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EndNotes

Lower education, higher rates of smoking, obesity

The Centers for Disease Control and Prevention released statistics today on the link between education levels and obseity and smoking. The better your education, the less chance you'll smoke or be overweight. And the greater chance you'll live longer.

Some highlights:

  • In 2007-2010, women 25 years of age and over with less than a bachelor’s degree were more likely to be obese (39 percent-43 percent) than those with a bachelor’s degree or higher (25 percent). 
  • In 2010, 31 percent of adults 25-64 years of age with a high school diploma or less education were current smokers, compared with 24 percent of adults with some college and 9 percent of adults with a bachelor’s degree or higher.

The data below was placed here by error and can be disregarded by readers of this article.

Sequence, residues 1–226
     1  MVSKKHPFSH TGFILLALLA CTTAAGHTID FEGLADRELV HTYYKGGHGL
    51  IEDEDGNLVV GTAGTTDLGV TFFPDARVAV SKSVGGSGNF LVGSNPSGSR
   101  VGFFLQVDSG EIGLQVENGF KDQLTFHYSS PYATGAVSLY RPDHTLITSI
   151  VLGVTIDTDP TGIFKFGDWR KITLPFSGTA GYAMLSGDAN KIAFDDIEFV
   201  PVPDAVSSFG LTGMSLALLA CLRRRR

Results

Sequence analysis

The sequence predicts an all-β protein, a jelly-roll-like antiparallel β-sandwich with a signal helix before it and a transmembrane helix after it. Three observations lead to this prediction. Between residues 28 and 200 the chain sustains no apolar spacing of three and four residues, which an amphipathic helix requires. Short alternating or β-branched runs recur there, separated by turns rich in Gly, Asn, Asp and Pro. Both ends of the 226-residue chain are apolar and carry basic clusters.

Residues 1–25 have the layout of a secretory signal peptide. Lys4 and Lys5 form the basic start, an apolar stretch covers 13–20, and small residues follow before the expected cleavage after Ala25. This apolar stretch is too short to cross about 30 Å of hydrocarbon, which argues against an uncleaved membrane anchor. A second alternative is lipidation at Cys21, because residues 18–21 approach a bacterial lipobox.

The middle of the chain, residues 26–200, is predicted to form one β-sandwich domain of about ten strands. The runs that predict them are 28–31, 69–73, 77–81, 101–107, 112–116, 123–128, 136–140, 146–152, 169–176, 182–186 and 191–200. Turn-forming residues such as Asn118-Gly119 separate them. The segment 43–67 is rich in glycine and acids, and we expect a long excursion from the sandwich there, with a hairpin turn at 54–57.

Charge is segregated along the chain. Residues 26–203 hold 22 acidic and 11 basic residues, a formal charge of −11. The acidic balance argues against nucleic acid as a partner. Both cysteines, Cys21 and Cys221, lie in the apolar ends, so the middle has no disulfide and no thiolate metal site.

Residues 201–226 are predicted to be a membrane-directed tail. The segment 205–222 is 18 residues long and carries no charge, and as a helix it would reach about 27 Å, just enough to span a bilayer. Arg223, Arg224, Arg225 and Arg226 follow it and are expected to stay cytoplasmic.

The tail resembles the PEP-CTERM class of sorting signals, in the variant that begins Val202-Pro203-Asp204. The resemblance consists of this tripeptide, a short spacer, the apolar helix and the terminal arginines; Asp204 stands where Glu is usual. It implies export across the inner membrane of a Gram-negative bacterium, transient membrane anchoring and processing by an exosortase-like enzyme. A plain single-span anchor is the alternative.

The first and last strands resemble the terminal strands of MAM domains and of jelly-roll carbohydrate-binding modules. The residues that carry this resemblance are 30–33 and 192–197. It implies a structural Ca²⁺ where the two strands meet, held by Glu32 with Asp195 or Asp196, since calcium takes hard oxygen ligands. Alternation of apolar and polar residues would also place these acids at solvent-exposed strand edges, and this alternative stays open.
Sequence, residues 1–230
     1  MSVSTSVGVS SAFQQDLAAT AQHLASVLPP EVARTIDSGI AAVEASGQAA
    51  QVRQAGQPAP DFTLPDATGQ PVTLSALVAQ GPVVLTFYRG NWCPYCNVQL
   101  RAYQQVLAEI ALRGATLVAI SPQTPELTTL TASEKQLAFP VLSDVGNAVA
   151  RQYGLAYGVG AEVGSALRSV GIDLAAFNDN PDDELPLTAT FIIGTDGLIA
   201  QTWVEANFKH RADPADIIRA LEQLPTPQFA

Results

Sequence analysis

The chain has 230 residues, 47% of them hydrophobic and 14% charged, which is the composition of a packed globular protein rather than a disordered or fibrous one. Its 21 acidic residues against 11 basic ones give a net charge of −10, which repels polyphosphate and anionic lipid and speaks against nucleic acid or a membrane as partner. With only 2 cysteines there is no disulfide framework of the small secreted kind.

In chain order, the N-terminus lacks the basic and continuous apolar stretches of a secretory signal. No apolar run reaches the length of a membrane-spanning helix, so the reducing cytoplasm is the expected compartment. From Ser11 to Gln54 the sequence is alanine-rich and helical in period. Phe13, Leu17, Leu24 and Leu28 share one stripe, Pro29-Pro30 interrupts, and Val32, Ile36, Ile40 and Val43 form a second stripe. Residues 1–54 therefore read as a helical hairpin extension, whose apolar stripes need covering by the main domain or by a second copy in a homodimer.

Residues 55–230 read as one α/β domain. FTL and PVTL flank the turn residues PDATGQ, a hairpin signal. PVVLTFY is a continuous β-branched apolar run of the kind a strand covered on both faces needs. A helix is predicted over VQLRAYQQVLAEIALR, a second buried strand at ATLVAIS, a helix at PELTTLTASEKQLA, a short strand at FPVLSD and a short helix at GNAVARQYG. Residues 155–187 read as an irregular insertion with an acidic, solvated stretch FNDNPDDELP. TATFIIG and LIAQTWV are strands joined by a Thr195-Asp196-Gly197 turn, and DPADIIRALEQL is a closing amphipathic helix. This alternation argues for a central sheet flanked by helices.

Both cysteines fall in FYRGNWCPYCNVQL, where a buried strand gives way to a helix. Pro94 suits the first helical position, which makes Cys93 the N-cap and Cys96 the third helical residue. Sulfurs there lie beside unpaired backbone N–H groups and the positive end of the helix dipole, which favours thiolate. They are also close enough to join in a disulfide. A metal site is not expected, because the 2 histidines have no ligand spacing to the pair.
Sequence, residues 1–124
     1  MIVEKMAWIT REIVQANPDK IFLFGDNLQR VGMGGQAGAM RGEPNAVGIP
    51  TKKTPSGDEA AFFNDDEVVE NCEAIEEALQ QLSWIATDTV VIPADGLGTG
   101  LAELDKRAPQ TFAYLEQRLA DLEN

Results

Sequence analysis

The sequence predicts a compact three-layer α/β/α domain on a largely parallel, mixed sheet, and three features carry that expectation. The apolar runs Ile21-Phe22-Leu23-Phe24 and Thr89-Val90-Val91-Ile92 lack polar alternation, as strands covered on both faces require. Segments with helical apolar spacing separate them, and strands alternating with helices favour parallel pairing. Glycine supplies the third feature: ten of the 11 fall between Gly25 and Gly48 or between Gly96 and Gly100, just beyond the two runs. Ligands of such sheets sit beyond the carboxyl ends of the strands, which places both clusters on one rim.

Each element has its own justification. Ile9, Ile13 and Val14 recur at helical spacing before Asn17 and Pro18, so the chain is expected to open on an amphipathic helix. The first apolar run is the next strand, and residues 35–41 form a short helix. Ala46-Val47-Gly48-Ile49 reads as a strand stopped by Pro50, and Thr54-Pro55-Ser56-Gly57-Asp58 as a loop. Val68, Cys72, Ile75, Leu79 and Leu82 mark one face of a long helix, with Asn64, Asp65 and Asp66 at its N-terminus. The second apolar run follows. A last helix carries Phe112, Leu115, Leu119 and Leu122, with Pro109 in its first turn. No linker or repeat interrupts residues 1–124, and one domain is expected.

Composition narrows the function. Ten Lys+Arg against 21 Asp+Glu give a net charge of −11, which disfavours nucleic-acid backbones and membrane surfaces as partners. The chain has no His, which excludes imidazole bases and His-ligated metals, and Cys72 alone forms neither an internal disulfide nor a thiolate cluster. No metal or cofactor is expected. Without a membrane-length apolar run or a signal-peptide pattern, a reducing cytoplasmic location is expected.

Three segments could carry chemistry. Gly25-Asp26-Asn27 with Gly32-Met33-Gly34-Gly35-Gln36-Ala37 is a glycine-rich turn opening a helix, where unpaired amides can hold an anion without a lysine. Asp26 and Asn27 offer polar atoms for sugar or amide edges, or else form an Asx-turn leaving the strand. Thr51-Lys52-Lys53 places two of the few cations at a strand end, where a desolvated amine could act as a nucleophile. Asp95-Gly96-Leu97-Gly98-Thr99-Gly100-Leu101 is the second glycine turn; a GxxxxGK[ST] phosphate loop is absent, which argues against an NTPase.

• On average in 2006, 25-year-old men without a high school diploma had a life expectancy 9.3 years less than those with a Bachelor’s degree or higher.  Women without a high school diploma had a life expectancy 8.6 years less than those with a bachelor’s degree or higher.

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About this blog

Writer Catherine Johnston of Olympia, Wash., addresses issues facing aging baby boomers and seniors as well as issues of serious illness, death and dying, grief and loss.

Ask a question: Catherine welcomes questions about aging issues and grief. Email her at endnotescolumn@gmail.com.

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